Why Are Corals Animals? (And How Do They Function?)

Corals sure look like plants or rocks but they are in fact animals. They typically live attached to the ocean bottom which is very atypical for animals.

The fact that they are rooted and look like plants means that many people think they are plans.

Why are corals animals and not plants? Corals are animals by definition because they do not produce their own food. Plants will produce their own food through photosynthesis but corals eat particles that flow by in the sea. They eat with their tentacle arms.

That’s the short answer which we will dive into in more depth below. Because there are a lot of interesting facts to discover in regard to how corals eat.

What’s The Difference Between Corals And Plants?

Red Coral Opening Up

So we just mentioned that corals are animals because they do not produce their own food. Plants produce their own food through the process called “photosynthesis” which enables them to do so.

Animals, on the other hand, have to find food and have a digestions system in order to process the food. Corals are no exception here.

Some corals also look much more like rocks.

They have hard surfaces and also sit permanently on the ocean bottom. Actually, corals can have a ton of different colors and look very different from each other which is also why the corals are very popular among divers. They are some of the prettiest places on earth.

I have been diving among coral reefs in Thailand and it was extremely beautiful. One of the biggest experiences I have had. Here’s a tiny video from a dive I did two years ago outside the Phi Phi islands south of Phuket in the southern part of Thailand.

The video starts at 4:52 where I get into the water:

Each Coral Consist Of Thousands Of Animals (polyps)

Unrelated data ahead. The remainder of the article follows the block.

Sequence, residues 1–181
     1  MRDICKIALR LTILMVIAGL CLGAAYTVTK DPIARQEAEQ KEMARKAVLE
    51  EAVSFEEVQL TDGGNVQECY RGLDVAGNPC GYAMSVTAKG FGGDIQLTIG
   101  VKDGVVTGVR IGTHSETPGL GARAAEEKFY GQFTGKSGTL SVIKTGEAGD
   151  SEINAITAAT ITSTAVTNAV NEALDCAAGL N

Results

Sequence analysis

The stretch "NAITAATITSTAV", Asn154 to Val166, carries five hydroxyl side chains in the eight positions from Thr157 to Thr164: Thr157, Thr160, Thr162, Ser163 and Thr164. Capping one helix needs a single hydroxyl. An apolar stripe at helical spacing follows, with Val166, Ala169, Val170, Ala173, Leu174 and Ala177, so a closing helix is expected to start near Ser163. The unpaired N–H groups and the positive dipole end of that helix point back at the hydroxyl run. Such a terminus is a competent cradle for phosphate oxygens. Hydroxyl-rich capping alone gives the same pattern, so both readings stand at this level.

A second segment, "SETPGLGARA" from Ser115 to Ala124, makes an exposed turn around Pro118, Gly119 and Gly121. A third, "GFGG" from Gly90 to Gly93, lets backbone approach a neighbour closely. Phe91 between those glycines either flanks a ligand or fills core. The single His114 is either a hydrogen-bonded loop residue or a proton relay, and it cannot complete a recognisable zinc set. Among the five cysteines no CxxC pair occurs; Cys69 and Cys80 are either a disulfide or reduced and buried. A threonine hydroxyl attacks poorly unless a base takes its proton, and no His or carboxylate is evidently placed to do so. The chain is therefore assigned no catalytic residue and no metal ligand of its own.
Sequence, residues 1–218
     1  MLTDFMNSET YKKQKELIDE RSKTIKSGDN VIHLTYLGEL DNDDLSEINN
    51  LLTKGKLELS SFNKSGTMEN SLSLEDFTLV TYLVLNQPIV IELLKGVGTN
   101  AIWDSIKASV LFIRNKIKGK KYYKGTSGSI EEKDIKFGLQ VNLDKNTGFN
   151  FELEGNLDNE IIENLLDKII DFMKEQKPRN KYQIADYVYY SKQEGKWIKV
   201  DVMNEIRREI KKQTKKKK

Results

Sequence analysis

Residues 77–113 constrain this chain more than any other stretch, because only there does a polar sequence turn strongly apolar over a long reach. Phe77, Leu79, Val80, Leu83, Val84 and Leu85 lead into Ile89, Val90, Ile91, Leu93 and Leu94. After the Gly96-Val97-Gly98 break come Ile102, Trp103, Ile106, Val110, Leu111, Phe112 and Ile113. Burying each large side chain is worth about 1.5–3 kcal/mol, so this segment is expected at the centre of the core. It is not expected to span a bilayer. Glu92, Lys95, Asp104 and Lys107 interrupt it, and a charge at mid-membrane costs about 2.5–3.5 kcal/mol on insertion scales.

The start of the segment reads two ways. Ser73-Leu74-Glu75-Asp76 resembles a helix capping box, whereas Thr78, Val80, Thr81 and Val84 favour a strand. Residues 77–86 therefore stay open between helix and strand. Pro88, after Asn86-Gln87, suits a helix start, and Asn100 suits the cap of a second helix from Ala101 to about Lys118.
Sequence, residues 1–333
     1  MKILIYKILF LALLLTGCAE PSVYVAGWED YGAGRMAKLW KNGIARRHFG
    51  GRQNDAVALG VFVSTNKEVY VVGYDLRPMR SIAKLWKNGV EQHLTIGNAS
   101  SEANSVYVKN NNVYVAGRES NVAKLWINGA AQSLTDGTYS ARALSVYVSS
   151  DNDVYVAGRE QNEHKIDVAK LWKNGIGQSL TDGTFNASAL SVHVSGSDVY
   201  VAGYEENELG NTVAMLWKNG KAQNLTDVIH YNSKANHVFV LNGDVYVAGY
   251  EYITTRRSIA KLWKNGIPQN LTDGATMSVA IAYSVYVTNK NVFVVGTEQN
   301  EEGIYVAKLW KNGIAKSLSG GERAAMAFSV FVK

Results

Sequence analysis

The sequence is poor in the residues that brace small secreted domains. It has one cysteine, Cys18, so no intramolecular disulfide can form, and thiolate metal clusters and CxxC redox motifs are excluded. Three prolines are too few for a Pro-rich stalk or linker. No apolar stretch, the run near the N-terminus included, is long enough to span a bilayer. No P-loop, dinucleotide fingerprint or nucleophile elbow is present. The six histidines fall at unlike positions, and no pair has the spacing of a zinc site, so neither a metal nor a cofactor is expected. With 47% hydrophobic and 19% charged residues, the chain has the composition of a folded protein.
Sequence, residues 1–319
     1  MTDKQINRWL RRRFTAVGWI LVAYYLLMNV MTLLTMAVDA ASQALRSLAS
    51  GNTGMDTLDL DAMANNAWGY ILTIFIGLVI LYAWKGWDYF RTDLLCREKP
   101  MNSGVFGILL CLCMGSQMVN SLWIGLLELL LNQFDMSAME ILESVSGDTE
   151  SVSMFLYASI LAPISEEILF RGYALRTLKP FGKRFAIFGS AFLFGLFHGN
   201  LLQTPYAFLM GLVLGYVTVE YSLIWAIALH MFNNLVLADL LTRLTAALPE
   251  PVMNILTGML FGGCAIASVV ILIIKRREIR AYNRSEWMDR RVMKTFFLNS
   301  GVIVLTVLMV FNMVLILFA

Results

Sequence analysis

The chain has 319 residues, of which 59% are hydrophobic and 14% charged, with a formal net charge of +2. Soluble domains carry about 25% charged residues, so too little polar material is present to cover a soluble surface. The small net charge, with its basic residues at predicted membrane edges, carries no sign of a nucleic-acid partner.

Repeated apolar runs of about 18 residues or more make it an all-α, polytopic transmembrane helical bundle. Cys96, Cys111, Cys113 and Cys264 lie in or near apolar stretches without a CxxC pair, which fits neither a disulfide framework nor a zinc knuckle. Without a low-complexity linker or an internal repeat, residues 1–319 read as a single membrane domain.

To say that a coral is an animal is a simple way to explain things. It only relies on the fact that corals do not produce their own food. But when we dig a little deeper we find a more sophisticated type of animal.

Actually, a coral is not ONE animal but a whole COLONY of animals.

That is a much more precise description.

What is a polyp?

The coral is made up of thousands of polyps.

A Polyp is an animal the size of the head of a pin and up to the size of a foot in diameter. Here’s an image of a colony of polyps sitting on the orange coral in the middle of the picture below:

Polyps on a coral

A polyp consists of a soft body with is formed like a tube.

On the top of the tube, it has an opening which is the mouth. It has tentacles attached all around the mouth opening which can direct food into its mouth.

The polyps are built together by the stone-like cement they build up underneath themselves.

By sticking together, they can act as a single organism and this is also why it looks more like a single animal than a colony of animals.

The symbiosis of the coral reef

The corals themselves are also typically found in large numbers called a “reef”. The reef is made up of corals.

Corals live in symbiosis with little plant-like algae called zooxanthellae. These algae are single-celled plants that live inside the coral’s tissue. The algae, in return, produce oxygen which is a vital part of the eco-system of the reef.

The corals use the oxygen to grow so we are talking about the perfect symbiosis here. The corals need the Zooxanthellae and the Zooxanthellae need the corals.

Corals with fish

Corals Are Translucent

The wide range of colors we find at the corals are a product of the zooxanthellae (algae) that live inside the corals.

They are translucent, which means that they are semi-transparent. This allows the light to reflect beautiful colors and as long as the algae live inside the corals the colors flourish.

But when corals bet stressed by pollution they lose the algae and they become white. This process is called “Coral Bleaching”.

When that happens the corals are still alive but they are slowly dying. They need clean water, otherwise, they will turn into dead white skeleton-like stones within a couple of weeks!

As soon as the algae disappear, the corals can no longer feed. They can still eat the zooplankton but they are dependent on the photosynthesis process from the algae in order to survive. When that happens they will die and stay dead.

How Do Corals find food?

As we know, Corals are permanently attached to the ocean floor. So they cannot hunt down food or actively seek out or prey on food or other animals.

So how do they find food?

They don’t.

Food finds them, so to speak.

Blue and Green coral animal